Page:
by Jessica Mcnut
On Thursday social networking feeds were taken over, frustration clouded the Internet and the world had drastically been divided into two groups: the Blue and Blacks and the Gold and Whites.
Millions have proclaimed their undoubted and stubborn opinions, from celebrities to politicians. But the answer to “What colors are this dress?” is still unanswered for some.
Katie West, Brady Hand and Kelly Rentfrow, all freshman at MSUM, see the dress as black and blue.
Even when shown a picture of the dress in three different lightings, West, Hand and Rentfrow still only see their picks.
“I see the dress as black and blue,” Hand said. “People who see white and gold are color blind.”
Billie Windfeldt and Paige O’Hara, also freshman at MSUM saw the dress as white and gold. Windfeldt argued without a doubt.
“I don’t understand how people think it’s black and blue,” Windfeldt said. “White and gold all day.”
But some people, like junior JC Cervenka and senior Molly Jeska have seen a mixture or both.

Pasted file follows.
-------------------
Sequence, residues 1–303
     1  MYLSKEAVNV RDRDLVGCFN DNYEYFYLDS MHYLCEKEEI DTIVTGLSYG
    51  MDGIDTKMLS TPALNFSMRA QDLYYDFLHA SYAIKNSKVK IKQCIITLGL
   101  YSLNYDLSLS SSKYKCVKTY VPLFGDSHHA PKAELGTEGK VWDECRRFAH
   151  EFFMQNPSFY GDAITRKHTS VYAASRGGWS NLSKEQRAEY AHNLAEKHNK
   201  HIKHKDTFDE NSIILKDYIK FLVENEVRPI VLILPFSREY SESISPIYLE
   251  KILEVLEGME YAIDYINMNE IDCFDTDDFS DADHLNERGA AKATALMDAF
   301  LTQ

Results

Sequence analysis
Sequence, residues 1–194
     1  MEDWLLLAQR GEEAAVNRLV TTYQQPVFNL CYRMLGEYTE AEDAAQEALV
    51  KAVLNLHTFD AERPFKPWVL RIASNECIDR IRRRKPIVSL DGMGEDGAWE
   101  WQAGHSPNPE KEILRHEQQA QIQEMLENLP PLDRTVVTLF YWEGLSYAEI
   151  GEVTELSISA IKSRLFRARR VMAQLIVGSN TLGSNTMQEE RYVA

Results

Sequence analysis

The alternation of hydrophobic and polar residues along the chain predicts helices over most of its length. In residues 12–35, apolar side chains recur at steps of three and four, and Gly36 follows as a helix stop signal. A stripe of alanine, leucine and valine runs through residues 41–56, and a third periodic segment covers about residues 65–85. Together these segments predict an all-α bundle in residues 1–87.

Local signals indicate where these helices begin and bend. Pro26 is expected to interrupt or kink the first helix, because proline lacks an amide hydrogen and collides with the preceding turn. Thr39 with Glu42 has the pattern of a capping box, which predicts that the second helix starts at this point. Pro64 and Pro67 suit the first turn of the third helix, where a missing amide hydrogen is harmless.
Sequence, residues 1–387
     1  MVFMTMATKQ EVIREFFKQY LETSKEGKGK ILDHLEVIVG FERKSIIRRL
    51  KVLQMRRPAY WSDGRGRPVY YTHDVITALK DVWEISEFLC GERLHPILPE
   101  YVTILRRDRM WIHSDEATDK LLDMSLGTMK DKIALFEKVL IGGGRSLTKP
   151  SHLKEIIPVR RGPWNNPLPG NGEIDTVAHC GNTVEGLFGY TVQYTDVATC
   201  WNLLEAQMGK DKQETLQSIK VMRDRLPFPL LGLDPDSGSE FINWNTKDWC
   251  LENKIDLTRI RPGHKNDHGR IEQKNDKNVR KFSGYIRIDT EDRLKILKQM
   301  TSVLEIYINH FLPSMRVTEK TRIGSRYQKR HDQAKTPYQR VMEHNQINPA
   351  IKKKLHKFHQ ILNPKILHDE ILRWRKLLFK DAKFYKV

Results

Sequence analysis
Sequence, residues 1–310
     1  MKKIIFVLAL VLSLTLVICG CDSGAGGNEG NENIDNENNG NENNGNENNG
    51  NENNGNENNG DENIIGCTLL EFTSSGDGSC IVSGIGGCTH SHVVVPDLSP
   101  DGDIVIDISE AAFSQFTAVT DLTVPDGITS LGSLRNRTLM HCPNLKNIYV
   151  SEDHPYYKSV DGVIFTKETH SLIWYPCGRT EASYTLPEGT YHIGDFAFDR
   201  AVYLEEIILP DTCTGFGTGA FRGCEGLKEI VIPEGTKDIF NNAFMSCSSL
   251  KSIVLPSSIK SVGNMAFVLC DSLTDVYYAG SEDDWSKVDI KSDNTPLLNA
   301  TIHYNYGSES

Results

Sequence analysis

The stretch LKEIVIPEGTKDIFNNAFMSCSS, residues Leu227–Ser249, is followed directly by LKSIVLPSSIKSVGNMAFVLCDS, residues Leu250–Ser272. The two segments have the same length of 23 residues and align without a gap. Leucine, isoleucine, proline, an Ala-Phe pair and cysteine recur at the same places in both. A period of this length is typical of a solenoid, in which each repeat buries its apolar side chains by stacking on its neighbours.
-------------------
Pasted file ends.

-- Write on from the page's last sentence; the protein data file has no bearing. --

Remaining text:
“I saw blue and black right away when I looked at it, and then the more I look at it I see gold and white,” Jeska said.
Cervenka said he can no longer see white and gold at all, but sees blue and gold.
So why the divide?
According to David Williams, a vision scientist at the University of Rochester in New York, there are specific reasons people see the colors they do.
Williams said the brain is always confronted with a problem. When looking at an object, the light the eyes see from the object depends on how the object is illuminated and its intrinsic properties.
According to Williams, light is made up of different wavelengths, which the brain perceives as color. People see different colors because when light enters the retina, it activates cone cells that are sensitive to red, green or blue wavelengths. These determine what color people perceive the dress to be.
Another major factor in the debate is the dress’s background. Since the picture provided little information about the background, people weren’t able to compare the dress to its surrounding colors as easily.
But despite the many arguments as to what the actual color of the dress is, it is indeed blue and black. Perhaps now friendships can mend after this intense international debate.